This week, an article by Mark Naison, “How Attacks on Teachers and Government Workers Will Impact All Our Lives,” drew the following exchange between Ryder and Steve Wider.
Tina Dupuy: Gingrich has a dark vision for a Shining City Upon a Hill: where poor children work in place of union labor. It’s basically the 20th century played in reverse.
Friday Feedback: This week, John comments on “Real Social Security: A Just Distribution of Wealth” by Charles Hayes.
Diane Lefer: A comment last week on an LA Times blog argued that “working in a restaurant is not supposed to provide a ‘living wage’. It’s a job that teenagers and students use to get started in life.” Not so according to ROC-LA co-coordinator Cathy Dang who reported that nationwide, people tend to stay in the industry for a lifetime.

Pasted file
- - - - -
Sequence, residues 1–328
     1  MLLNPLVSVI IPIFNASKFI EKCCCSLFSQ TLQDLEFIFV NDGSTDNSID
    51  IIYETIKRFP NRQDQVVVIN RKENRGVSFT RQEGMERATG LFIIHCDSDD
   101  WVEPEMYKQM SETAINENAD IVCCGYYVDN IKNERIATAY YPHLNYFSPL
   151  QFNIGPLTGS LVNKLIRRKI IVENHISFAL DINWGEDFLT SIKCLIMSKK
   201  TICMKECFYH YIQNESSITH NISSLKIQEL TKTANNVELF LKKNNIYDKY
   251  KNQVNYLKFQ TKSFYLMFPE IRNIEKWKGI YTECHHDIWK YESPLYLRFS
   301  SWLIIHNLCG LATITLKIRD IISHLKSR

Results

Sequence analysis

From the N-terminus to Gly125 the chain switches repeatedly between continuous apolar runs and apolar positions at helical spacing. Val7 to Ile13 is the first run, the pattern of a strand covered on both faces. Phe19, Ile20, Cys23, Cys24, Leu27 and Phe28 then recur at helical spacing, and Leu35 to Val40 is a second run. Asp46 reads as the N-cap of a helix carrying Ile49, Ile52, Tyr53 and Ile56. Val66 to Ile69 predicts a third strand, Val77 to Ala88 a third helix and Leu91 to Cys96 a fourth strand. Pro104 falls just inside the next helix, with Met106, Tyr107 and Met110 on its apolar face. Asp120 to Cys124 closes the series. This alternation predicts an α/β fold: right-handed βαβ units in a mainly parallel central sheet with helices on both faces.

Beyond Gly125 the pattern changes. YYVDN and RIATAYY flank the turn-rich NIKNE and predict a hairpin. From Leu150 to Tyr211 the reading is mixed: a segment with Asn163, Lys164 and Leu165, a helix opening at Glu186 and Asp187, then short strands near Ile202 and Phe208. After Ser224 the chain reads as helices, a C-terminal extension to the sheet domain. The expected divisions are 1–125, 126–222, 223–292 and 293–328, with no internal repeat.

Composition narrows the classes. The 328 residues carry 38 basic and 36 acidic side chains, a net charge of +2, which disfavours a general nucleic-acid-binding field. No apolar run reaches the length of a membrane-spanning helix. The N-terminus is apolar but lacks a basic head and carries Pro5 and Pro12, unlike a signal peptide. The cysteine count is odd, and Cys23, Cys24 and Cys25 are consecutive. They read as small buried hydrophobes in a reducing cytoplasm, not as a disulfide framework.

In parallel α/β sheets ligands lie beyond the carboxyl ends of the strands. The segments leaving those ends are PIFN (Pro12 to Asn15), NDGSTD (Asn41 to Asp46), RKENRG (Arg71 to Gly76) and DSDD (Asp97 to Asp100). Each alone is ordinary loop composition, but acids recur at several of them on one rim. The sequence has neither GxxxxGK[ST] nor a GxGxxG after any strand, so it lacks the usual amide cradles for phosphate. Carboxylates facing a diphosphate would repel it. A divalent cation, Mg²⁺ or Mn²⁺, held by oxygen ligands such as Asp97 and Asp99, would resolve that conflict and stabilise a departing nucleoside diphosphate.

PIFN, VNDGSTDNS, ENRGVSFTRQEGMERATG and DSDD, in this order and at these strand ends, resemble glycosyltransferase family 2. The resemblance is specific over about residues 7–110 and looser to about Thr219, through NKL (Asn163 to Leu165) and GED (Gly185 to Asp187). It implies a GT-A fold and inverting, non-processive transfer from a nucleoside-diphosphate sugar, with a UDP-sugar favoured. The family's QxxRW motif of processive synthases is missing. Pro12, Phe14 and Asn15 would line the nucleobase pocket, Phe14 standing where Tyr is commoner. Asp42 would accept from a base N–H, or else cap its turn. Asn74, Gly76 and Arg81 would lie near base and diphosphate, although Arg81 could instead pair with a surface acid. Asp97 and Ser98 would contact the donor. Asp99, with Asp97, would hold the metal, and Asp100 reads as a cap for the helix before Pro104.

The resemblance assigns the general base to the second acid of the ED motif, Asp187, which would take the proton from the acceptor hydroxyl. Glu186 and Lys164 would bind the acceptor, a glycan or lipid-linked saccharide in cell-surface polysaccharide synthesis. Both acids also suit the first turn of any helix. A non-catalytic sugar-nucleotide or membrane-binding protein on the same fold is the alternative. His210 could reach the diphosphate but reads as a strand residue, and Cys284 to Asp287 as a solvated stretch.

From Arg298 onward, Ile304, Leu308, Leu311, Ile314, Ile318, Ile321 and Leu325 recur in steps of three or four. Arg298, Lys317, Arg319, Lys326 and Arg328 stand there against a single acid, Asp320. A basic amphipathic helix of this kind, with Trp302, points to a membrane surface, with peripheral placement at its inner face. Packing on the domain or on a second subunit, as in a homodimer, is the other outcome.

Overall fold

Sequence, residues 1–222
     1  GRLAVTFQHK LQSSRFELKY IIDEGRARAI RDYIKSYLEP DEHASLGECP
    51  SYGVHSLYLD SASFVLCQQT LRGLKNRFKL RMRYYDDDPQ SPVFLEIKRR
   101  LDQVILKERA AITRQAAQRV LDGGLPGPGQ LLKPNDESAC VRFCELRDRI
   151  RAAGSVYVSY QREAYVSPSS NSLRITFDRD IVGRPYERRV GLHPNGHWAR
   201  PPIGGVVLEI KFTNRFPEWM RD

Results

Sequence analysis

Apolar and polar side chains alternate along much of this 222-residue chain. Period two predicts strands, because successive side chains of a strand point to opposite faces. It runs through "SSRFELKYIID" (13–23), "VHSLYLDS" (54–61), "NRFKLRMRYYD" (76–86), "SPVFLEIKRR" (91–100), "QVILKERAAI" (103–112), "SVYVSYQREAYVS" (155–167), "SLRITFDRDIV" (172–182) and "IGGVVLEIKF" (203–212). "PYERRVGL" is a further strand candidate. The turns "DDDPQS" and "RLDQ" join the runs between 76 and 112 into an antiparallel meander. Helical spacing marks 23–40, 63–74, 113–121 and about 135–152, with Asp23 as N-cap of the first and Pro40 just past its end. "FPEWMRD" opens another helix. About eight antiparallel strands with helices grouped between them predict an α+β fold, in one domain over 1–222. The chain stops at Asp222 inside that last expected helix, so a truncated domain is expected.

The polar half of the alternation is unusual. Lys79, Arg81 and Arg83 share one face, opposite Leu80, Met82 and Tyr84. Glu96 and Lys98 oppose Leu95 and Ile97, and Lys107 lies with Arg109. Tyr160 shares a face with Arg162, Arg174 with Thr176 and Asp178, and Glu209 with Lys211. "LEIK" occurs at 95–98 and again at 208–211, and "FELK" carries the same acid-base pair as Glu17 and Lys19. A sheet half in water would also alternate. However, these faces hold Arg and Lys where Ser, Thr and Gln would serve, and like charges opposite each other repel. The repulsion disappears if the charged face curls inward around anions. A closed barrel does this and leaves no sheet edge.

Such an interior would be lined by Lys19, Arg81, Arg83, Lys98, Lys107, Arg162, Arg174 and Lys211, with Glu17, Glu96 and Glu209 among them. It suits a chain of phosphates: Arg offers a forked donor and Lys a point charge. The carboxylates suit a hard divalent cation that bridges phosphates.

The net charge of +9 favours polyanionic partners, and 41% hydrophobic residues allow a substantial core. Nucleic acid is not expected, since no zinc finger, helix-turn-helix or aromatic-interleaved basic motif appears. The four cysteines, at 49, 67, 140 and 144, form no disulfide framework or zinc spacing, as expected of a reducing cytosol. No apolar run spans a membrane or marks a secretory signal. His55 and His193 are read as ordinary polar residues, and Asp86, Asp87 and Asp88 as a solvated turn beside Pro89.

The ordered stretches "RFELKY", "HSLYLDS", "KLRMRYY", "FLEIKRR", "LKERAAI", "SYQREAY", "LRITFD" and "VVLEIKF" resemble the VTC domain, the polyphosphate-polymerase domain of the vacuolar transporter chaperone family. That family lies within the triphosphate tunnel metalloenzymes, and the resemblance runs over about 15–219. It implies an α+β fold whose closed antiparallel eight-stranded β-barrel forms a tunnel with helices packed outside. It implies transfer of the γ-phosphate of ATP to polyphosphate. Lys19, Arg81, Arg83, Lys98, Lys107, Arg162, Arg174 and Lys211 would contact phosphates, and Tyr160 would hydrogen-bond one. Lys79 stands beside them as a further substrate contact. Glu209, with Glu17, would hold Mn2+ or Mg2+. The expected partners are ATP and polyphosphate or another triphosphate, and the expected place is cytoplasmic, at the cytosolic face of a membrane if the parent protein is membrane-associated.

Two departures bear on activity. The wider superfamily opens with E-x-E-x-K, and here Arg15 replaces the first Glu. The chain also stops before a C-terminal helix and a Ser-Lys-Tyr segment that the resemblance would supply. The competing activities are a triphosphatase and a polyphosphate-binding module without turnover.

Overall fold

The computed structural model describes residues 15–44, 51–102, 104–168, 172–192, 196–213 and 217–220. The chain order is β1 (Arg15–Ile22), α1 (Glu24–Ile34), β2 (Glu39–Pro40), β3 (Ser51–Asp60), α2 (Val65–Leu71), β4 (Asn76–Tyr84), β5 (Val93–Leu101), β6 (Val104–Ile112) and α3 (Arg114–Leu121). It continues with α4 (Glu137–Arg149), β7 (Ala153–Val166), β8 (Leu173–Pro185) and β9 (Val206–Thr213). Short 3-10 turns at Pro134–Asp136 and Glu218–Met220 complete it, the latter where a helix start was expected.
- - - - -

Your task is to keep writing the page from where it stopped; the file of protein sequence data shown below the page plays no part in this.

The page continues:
Robert Reich: Public servants are convenient scapegoats. Republicans would rather deflect attention from corporate executive pay that continues to rise as corporate profits soar, even as corporations refuse to hire more workers.
David Love: Scrooge arrived just in time for the holidays, with Social Darwinism, bootstraps, slashing and cutting as a prescription for all our woes.
Michele Waslin: Many of the women who make it to the U.S. safely are confronted with the horrendous working and living conditions made possible because of the existence of a group of vulnerable, desperate, and disposable workers.
James C. Cobb: Members of this abandoned Southern proletariat may still live far better than the average Bangladeshi can imagine, but their shattered self-esteem and dashed hopes are surely at some level a universal indication of what to expect when economic development is allowed to become an end in itself rather than the means to a developed society.
Sherwood Ross: As millions of Americans have been fired by employers struggling to remain profitable, we have all borne witness to Corporate America’s calloused disregard of its workers. Now, canny business economists claim the layoffs have hurt employers, too.